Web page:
How DeepMind tuned AlphaGo
What it is
On March 2016, AlphaGo, a Go program developed by DeepMind, won 4 out of 5 matches against Lee Sedol, an 18-time world champion. This version of AlphaGo had two stages: neural network training, and game playing with Monte Carlo Tree Search (MCTS). Large number of hyperparameters were used in both stages.
Instead of using commonly known methods such as grid search, researchers at DeepMind used Bayesian optimization to meta-optimize many MCTS components. For example, one such MCTS component tuned was the exploration constant of the UCT exploration formula.
The effects of Bayesian Optimization hyperparameter tuning was measured through win rates in self-play. Tuning MCTS hyperparameters resulted in 14.4% increase in win rate (50% to 64.4%) Bayesian optimization was also used in tuning hyperparameter for various tasks: hyperparameters for self-play games with reduced search time, for distributed implementation, for mixing rollout and value network, and for time allocation formula.
Why it matters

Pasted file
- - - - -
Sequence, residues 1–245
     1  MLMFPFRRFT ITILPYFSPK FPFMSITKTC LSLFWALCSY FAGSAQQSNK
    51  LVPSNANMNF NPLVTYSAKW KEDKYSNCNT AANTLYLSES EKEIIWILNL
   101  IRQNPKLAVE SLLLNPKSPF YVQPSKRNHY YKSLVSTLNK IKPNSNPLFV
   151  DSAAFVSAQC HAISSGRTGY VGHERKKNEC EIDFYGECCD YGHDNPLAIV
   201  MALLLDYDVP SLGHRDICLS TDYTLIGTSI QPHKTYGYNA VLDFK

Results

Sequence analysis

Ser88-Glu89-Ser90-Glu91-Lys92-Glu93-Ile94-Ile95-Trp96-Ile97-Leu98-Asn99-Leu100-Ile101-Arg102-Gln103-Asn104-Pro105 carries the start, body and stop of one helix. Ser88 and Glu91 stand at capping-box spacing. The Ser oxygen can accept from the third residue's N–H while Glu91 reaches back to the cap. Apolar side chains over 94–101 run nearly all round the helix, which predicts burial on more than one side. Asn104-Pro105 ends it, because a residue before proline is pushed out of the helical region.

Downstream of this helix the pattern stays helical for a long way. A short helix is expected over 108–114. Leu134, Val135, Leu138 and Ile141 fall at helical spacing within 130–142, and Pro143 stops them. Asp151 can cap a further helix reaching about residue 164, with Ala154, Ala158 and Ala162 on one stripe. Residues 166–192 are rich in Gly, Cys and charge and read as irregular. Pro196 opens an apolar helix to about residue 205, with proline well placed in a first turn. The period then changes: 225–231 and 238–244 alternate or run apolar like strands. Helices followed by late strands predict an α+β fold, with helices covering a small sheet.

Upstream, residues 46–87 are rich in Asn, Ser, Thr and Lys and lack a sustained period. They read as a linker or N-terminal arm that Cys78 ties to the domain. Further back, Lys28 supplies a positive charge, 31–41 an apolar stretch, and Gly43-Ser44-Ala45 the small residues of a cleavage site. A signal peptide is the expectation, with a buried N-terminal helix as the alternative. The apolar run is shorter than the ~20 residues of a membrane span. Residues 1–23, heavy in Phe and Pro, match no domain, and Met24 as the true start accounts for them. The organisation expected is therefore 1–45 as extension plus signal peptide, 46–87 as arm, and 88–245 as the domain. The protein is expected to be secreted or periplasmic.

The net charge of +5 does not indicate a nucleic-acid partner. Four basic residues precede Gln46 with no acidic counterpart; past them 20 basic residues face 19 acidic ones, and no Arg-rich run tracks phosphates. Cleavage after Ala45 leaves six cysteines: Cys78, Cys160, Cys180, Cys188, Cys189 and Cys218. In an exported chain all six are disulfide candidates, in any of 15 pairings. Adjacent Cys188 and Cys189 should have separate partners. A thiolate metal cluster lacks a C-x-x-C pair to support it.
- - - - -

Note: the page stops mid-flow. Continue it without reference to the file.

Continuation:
A traditional way to tune hyperparameters is a systematic grid search. Unfortunately, this is often impractical when the algorithm has many hyperparameters. In fact, the motivation for Bayesian Optimization was the high cost of systematic grid search: it would take 8.3 days using 400 GPUs to optimize 6 hyperparameters, each taking 5 possible values.
A less robust hyperparameter tuning method would be element-wise hand-tuning, changing one hyperparameter value at a time while keeping others constant. However, hyperparameters are often correlated, so optimal hyperparameters might not be attainable via element-wise hand-tuning for some initial set of hyperparameters.
The Bayesian Optimization approach is a promising method to tune models with many hyperparameters. Since many new reinforcement learning algorithms (ex. Twin Delayed DDPG) suffer from sensitive hyperparameters, perhaps future work will experiment Bayesian optimization in such algorithms.
It is also noteworthy that this improved hyperparameter search results in an algorithmic improvement. Through tuning, researchers at DeepMind found that Bayesian optimization increasingly preferred value network estimates over rollout estimates. This triggered the decision to abandon rollout estimates in future versions of AlphaGo and AlphaGo Zero.